5Down voted. When I had a mortgage, I did not do escrow, and the lender never asked me for a property tax or insurance (for that matter) payment receipt. Also you are technically incorrect that the property taxes are added to mortgage payments. Payments to escrow and payments to the mortgage are two distinct transactions that are covered by one "check".– Pete B.Jul 18, 2018 at 14:07
11@PeteB. You may not have, but it is very common to (pretty uncommon not to) have an escrow account, even if you might be able to get out of it later. It's almost universally true that lenders will require proof of sufficient insurance. And while it is true that the money is going into two different buckets after the fact if you have an escrow account, it is still coming out of a single payment, and your mandatory monthly bill is just listed as the sum of the two, so while it might technically be two accounts, the payment of both is certainly still a single "transaction".– neminemJul 18, 2018 at 15:28
6@neminem All of this is definitely jurisdiction-specific. I am in the process of purchasing a property in the UK, and have no idea what the escrow account being discussed even means. But then, there isn't a direct equivalent of the property tax being discussed either. I think it's a common problem on this site that people assume things are universal because they have only ever lived in a single jurisdiction.– IMSoPJul 18, 2018 at 17:35
2I don't want to just willy-nilly edit people's answers, but I would suggest changing the second to last paragraph to something like "No lender likes to take the risk of getting back less than they are owed, so often they will require you pay them and they pay the taxes on your behalf. If they do let you pay it directly, they may charge a higher interest rate for the extra risk; some even demand an annual receipt showing taxes paid."– stanniusJul 18, 2018 at 17:52
As long as you make your mortgage payments, the bank has zero property rights in your house.
The bank cannot evict you from the house.
People from the bank cannot enter the house without your permission. They certainly cannot just decide to move in one day.
The bank has no say in what furniture you put in the house, what color you paint it, or what sort of trees and flowers you plant.
Yes, if you fail to pay the mortgage, the bank can bring legal action against you to force you to pay, including ultimately the right to sell the house to collect what you owe them.
But then, if you take your car to an auto mechanic and then refuse to pay the bill, the mechanic has a similar right to sell your car to pay the bill. Does taking your car to an auto mechanic mean that now the mechanic owns the car? No, not unless you don't pay the bill.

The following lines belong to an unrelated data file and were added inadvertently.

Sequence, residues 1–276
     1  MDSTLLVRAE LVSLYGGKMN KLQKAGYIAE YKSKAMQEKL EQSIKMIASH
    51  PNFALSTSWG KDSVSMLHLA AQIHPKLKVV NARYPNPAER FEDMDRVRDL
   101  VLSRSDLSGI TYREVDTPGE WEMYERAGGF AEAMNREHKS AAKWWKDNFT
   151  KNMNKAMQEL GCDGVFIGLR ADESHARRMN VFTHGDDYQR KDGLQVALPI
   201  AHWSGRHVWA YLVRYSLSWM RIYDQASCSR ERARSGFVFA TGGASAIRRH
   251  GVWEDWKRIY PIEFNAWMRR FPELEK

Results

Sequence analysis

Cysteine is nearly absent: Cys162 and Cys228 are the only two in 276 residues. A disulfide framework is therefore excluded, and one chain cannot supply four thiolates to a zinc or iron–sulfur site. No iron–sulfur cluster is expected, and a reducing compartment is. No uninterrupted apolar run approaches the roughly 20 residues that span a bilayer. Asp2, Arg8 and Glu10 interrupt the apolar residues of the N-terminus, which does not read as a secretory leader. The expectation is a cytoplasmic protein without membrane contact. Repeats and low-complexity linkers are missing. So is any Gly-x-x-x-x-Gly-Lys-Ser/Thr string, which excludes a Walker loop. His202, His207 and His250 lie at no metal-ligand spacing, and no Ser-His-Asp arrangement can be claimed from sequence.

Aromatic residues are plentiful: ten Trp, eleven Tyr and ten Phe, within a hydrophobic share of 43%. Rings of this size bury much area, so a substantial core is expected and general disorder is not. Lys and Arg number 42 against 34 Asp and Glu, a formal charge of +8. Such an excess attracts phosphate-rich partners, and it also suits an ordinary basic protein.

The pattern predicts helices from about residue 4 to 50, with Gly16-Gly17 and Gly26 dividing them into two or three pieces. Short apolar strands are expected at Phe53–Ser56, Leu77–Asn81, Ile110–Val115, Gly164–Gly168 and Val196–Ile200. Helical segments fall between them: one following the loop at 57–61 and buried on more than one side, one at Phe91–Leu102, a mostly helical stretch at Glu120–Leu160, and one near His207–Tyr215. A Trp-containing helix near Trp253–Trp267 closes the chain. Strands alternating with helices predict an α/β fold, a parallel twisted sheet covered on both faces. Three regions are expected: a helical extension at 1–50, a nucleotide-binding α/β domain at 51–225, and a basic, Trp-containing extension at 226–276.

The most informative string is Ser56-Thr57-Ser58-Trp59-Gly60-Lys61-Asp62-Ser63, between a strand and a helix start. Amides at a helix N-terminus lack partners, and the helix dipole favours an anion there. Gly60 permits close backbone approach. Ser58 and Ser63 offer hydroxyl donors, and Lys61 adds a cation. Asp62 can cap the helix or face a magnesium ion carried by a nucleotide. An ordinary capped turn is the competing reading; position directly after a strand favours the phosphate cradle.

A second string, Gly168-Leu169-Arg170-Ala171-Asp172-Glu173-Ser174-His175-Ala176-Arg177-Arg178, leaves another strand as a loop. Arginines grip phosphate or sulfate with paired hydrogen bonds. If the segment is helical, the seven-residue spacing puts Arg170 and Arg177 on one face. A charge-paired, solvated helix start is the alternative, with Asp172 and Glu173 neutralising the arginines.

Suppose you buy a toaster with a credit card. Who owns the toaster, you or the credit card company? You do, of course. Even though you haven't paid for it until you pay the credit card bill.
I had surgery a few months ago and the doctor put stents in my heart. I haven't paid most of my share of the bill yet. Does the hospital own my heart? No. (My girlfriend does. :-) )
6+1 For a good answer, especially the heart ownership comment.– dgnuffJul 19, 2018 at 20:40
I think they would have rights if you took actions that reduce the value of the house. Say you have $100,000 worth of fire damage, and the insurance pays. If you are happy to live with the damage and take the $100,000 for the best holiay ever, the bank won't be happy. Jul 21, 2018 at 18:33
1@gnasher729 Hmm, anything like that would have to be in the mortgage contract. I just glanced through my mortgage and didn't see anything like that. "they wouldn't be happy" and "they would have legal power to force you to do something different" aren't the same thing. My mortgage does require me to have insurance on the property. I didn't check my insurance policy, but I vaguely recall it having a clause about me being required to keep the property in "good repair" or some such.– JayJul 22, 2018 at 3:40
@Jay So indeed you vaguely recall the bank having power over the house. Jul 22, 2018 at 6:02
1They don't have power over the house. You have a contract where they loaned you a lot of money, and you gave them a security that the bank can use to recover their money if you don't pay. The contract will have consequences if the value of the security gets reduced. Jul 22, 2018 at 22:28